well as feminist approaches to archives and histories ofsound and music (Ingleton 2015). In her recent writing,she draws on feminist historian Joan W. Scott’s idea ofthe ‘resistance of history’ to describe the difficulties andshortcomings of attempts to write women into musicalhistories, and to propose a self-reflexive critical practice‘that interrogates the connections between the social andthe political and the conflictual processes and forces bywhich meanings are established’ (Ingleton 2016). Mean-while Sounding Out, Martha Mockus’s (Mockus 2007)study of Pauline Oliveros in the context of a ‘lesbianmusicality’ situates Oliveros in a history of queerart-making, domesticity and community that is oftenoverlooked in media representations of her electroniccomposition – it certainly does not fit with the image ofthe lone, studio-bound pioneer.
We might also consider the recent interest fromscholars, musicians and archivists in the work ofDaphneOram, who at the time of her death in 2003 was almostcompletely unknown. She has since been acclaimed notonly as a composer of interest but also as an innovativetechnologist, whose optical ‘Oramics’ synthesiser hasbeen said to prefigure later developments in computermusic (Grierson and Boon 2013: 185–201). In thisreading, the focus is less on Oram’s published or recor-ded works, and more on her role as a conceptualist andinnovator, highlighting the inclusive potential of anobject-focused material cultures perspective in historiesof electronic music. This coincides with a growing bodyof literature on important studios, with notable studiesof the BBC Radiophonic Workshop (Niebur 2010) andStockholm’s EMS (Groth 2015), to name two, drawingattention away from exceptional, heroic and easilyrepresented figures and to the frequently collective, andto varying degrees diverse, environments of electronicmusic’s historical conditions of creation.
We can see, therefore, that an approach based on asurvey of published or recorded works has not his-torically served electronic music made by women well,compared with new approaches that depend less on thestatus of the published and recorded work. Theincreased availability of archival material that chal-lenges the official narrative of the record release orpublished score, plus the means to present it in imagi-native, innovative ways using digital platforms, alongwith a growing acceptance of feminist, queer and othercritical perspectives, foster a positive environment forsuch approaches. Yet today’s new media accounts ofwomen in electronic music, rather than using thosemedia to explore new ways of presenting women’shistories, still rely heavily on the existence and acces-sibility of autonomous musical works as an indicatorof the composer in question’s status. This entrenchesthe idea of women’s music as lesser, because there isliterally less of it to access, and therefore of only minoror niche interest to scholars – or of cult interest tocollectors. This last factor neutralises, even makes
desirable, the historical absence of women, turning therarity and ‘lostness’ of their music into commodities,and the occasion of their ‘rediscovery’ as celebratory,rather than an indictment of their previous exclusion.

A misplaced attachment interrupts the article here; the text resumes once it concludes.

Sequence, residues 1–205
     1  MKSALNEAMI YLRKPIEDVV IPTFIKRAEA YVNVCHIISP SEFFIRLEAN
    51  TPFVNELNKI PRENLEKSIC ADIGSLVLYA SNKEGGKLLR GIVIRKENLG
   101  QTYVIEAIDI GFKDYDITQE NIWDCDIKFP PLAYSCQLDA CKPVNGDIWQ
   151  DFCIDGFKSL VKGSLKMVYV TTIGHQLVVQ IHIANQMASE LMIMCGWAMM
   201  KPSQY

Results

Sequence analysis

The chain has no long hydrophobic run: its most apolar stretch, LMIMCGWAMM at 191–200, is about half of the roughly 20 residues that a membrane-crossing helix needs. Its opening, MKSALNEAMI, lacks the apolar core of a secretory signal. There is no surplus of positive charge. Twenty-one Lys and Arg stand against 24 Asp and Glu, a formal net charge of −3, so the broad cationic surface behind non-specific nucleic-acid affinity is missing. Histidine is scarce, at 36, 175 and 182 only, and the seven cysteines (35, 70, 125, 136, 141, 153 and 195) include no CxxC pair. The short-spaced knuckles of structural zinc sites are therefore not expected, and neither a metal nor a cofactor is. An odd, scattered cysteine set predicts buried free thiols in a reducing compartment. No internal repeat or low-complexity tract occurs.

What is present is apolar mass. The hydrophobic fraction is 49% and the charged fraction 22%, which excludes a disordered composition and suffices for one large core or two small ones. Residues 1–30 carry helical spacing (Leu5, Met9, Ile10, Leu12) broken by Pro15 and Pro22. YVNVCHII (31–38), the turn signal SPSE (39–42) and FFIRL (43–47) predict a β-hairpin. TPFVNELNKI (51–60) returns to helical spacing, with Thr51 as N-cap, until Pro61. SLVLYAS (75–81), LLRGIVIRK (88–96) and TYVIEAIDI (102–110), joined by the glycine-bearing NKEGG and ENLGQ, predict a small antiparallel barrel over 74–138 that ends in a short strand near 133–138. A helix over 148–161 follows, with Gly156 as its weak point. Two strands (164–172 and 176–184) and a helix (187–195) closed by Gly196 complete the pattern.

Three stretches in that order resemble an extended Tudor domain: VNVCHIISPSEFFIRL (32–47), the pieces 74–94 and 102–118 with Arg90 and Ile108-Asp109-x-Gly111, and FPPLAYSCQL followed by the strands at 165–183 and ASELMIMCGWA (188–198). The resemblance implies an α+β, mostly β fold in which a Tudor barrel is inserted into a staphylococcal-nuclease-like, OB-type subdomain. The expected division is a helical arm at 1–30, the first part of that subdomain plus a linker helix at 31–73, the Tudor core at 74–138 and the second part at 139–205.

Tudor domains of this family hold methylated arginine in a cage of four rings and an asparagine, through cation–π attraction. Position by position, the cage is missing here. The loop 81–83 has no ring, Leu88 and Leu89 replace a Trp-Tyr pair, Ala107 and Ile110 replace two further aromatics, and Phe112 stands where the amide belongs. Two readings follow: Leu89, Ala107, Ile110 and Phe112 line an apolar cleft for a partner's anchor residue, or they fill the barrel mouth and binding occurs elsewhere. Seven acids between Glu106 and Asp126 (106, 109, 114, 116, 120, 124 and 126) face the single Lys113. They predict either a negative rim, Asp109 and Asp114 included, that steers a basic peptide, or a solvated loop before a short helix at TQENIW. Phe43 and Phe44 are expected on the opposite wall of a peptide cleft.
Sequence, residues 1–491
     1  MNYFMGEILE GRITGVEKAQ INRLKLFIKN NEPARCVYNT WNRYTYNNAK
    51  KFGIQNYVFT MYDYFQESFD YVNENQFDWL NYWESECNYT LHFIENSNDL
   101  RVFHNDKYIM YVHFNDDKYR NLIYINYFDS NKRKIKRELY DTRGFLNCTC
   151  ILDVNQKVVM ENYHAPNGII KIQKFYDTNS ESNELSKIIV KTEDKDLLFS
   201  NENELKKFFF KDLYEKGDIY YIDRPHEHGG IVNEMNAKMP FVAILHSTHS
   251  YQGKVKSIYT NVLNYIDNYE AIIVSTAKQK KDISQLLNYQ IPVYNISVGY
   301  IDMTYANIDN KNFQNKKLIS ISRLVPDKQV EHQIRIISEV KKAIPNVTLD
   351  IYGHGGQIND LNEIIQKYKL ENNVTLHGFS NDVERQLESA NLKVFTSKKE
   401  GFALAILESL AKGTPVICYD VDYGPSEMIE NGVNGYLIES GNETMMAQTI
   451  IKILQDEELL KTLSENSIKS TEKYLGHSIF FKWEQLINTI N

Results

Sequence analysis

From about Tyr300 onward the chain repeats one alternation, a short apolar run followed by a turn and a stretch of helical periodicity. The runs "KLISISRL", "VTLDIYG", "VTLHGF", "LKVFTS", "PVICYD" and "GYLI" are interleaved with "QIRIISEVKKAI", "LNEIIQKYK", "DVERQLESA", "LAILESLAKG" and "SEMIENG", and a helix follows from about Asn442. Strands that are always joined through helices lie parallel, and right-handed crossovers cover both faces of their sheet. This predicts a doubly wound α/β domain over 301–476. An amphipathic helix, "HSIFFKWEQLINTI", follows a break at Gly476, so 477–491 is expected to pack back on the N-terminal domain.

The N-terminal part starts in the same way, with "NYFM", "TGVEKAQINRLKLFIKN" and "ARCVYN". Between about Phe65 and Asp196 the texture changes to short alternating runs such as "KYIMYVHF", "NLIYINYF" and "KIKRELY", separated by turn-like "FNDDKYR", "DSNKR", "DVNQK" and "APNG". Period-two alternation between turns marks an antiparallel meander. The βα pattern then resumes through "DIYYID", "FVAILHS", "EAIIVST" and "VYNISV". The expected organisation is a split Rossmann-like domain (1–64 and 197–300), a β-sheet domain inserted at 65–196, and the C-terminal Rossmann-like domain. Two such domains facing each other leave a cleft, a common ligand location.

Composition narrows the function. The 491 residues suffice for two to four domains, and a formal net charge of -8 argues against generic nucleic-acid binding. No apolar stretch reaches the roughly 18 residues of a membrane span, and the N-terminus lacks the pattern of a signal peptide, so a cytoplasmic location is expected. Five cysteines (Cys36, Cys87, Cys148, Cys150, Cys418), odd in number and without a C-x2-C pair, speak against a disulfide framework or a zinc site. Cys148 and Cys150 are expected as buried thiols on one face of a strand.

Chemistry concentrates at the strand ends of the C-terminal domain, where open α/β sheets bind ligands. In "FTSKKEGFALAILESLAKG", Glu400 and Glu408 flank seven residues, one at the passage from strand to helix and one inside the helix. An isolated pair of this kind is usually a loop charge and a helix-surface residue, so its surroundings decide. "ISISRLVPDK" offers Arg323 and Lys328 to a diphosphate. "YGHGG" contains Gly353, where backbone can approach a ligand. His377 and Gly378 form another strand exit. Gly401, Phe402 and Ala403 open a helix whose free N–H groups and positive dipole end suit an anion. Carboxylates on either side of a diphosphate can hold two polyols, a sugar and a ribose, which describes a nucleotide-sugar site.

In the section below, I consider how quantitativerepresentations of female composers contribute to theestablishment of ‘music made by women’ as a genre,intended for a specific listenership.
4. GENDER AS GENRE
Projects of retrieval and reclamation have played a keyrole in the formation of feminist musicology, withinterventions such as Diana Peacock Jevic’sWomen inMusic: The Lost Tradition Found and many otherschanging historical perceptions of women’s composi-tions (Peacock Jevic 1989). The objectives of suchprojects are outlined broadly by Sally MacArthur inTowards a 21st Century Feminist Politics of Music: ‘torecover [composers’] names and their music, and tointroduce them to the concert hall, to music institu-tions of learning and to the pages of mainstream musichistory’ (MacArthur 2010: 2).
In MacArthur’s analysis, the ideologies drivingall such work are reflected in how this recovered orgathered information is used: whether to build newcanons or histories, or to address inequalities in thepresent day. These ideologies can be seen in differentmethodologies as well as in more explicit connectionsto schools or ‘waves’ of feminism. MacArthur gives auseful account of what she calls a positivist approach,typical of liberal feminist politics,4 in which data areused to show either high or low numbers of femaleparticipants in a particular setting. Commenting on astudy by Patricia Adkins Chiti (2003) which surveysthe percentage of music by women composers that isperformed in concert throughout Europe, she writes,‘the research is couched in a neoliberal version ofagency. It imagines that women’s music will be inclu-ded in orchestral programmes if the research exposes,opposes and resists the power of the oppressors’(MacArthur 2010: 27).
MacArthur makes a compelling case against relyingtoo heavily on positivist, empirical research frame-works, or on the patterns supposedly revealed by theirresults, asserting that such a framework ‘producesthinking which forecloses thought’. She continues, ‘Itreduces the object of study – the woman composer andher music – to an immutable, negative image’ (ibid.: 33).